The role of fire in European Mediterranean ecosystems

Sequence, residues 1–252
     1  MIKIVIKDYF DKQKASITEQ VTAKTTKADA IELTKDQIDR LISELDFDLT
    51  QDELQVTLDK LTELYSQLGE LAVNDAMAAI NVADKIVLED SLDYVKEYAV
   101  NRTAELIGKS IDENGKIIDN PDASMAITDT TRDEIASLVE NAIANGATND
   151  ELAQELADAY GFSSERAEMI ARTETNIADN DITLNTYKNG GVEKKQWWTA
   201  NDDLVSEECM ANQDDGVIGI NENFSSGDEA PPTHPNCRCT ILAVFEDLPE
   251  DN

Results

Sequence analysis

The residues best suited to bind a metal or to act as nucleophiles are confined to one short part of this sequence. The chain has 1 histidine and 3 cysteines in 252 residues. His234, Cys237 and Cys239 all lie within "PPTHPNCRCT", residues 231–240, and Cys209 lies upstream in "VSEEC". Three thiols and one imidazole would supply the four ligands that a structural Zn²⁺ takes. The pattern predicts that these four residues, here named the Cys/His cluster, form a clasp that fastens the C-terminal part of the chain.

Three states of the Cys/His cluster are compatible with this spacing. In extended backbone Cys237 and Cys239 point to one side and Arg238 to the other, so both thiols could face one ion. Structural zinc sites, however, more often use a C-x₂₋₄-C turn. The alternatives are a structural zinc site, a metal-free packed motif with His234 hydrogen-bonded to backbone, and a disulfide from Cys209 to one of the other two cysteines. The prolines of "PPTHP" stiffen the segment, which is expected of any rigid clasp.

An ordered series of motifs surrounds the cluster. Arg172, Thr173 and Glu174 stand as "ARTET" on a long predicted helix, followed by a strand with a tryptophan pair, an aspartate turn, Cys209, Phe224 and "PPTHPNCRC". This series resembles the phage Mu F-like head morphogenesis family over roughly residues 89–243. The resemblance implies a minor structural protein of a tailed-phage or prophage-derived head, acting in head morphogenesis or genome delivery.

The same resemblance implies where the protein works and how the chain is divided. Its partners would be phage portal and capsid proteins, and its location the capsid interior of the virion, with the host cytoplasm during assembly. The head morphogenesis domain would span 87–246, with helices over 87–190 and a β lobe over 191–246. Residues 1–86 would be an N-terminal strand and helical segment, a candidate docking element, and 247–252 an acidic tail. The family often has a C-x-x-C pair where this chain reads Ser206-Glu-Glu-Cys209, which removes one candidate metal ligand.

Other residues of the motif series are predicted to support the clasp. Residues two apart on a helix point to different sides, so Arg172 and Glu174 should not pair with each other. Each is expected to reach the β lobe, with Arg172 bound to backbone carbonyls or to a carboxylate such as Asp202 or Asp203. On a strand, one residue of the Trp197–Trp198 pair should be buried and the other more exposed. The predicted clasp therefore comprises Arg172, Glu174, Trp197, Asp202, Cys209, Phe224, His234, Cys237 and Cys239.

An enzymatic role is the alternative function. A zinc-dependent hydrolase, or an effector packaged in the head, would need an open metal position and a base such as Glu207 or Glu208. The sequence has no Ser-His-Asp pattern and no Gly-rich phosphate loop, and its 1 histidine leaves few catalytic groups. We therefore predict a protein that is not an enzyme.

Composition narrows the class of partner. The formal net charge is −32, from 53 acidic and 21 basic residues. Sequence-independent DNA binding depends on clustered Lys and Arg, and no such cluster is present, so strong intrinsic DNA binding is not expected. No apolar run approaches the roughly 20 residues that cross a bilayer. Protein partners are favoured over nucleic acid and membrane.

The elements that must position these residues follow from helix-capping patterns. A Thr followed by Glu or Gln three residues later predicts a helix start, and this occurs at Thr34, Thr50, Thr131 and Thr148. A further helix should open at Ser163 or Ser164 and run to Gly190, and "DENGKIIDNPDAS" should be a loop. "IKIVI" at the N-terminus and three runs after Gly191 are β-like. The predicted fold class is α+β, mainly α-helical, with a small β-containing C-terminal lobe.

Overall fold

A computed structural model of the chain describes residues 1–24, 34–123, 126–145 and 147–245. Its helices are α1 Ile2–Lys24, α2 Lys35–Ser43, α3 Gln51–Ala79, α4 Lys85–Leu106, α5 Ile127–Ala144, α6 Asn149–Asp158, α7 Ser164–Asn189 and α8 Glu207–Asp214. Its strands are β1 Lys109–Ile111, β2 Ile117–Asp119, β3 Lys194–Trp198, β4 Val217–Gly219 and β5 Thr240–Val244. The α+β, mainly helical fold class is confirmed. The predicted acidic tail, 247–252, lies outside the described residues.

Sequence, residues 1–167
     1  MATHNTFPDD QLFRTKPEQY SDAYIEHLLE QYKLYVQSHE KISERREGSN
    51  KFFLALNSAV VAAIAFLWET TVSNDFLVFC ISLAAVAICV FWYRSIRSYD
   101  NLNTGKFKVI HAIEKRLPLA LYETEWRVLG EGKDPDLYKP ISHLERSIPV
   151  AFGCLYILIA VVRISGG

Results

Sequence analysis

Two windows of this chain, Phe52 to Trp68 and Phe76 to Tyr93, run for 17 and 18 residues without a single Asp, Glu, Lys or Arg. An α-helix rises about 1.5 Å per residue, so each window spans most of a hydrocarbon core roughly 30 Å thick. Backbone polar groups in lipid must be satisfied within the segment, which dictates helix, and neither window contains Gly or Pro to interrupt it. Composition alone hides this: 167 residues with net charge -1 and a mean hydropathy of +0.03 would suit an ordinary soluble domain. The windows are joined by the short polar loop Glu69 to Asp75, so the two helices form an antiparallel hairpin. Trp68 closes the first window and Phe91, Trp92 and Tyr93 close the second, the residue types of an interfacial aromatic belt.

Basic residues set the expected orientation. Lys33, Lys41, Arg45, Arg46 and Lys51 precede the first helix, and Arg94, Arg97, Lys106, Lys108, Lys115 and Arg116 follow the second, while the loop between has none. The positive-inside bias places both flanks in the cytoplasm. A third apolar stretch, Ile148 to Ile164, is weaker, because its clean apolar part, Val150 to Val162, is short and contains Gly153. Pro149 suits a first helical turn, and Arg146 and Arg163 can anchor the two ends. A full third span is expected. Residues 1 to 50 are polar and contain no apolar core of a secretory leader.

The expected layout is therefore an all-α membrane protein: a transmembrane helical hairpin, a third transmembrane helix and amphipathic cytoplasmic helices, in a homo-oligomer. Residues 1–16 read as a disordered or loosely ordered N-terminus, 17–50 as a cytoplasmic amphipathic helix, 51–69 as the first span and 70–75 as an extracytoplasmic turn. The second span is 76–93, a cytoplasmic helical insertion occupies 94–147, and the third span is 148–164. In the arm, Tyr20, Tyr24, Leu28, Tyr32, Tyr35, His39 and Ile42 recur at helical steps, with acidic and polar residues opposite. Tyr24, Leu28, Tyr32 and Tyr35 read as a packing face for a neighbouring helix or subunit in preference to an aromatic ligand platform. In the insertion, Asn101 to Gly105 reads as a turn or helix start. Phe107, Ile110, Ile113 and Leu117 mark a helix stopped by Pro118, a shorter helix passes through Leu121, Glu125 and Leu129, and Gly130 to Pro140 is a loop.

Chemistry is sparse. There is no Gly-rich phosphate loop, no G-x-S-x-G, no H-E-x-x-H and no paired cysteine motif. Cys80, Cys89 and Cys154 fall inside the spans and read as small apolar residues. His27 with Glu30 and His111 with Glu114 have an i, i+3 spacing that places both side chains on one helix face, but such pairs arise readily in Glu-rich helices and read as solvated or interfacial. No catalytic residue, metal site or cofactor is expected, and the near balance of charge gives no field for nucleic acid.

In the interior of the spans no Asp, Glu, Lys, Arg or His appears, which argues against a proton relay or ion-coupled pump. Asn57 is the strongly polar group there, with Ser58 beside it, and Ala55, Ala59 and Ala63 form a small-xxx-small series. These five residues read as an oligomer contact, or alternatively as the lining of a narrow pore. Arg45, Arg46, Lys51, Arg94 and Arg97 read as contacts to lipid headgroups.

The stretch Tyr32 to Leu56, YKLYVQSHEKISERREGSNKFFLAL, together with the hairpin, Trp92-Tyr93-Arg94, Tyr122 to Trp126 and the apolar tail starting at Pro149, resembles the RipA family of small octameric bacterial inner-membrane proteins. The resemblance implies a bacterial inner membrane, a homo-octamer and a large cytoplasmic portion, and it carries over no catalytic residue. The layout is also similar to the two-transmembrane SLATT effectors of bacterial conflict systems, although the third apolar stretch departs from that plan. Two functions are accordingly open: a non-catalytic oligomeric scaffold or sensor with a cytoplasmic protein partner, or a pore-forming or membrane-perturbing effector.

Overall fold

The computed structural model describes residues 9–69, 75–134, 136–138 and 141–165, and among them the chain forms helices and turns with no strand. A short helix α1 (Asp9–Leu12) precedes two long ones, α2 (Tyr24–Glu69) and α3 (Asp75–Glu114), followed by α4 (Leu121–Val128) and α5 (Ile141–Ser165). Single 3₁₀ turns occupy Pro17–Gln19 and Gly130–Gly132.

Fire is an integral part of many ecosystems, including the Mediterranean ones. However, in recent decades the general trend in number of fires and surface burnt in European Mediterranean areas has increased spectacularly. This increase is due to: (a) land-use changes (rural depopulation is increasing land abandonment and consequently, fuel accumulation); and (b) climatic warming (which is reducing fuel humidity and increasing fire risk and fire spread). The main effects of fire on soils are: loss of nutrients during burning and increased risk of erosion after burning. The latter is in fact related to the regeneration traits of the previous vegetation and to the environmental conditions. The principal regeneration traits of plants are: capacity to resprout after fire and fire stimulation of the establishment of new individuals. These two traits give a possible combination of four functional types from the point of view of regeneration after fire, and different relative proportions of these plant types may determine the post-fire regeneration and erosion risk. Field observations in Spain show better regeneration in limestone bedrock type than in marls, and in north-facing slopes than in south-facing ones. Models of vegetation dynamics can be built from the knowledge of plant traits and may help us in predicting post-fire vegetation and long-term vegetation changes under recurrent fires.
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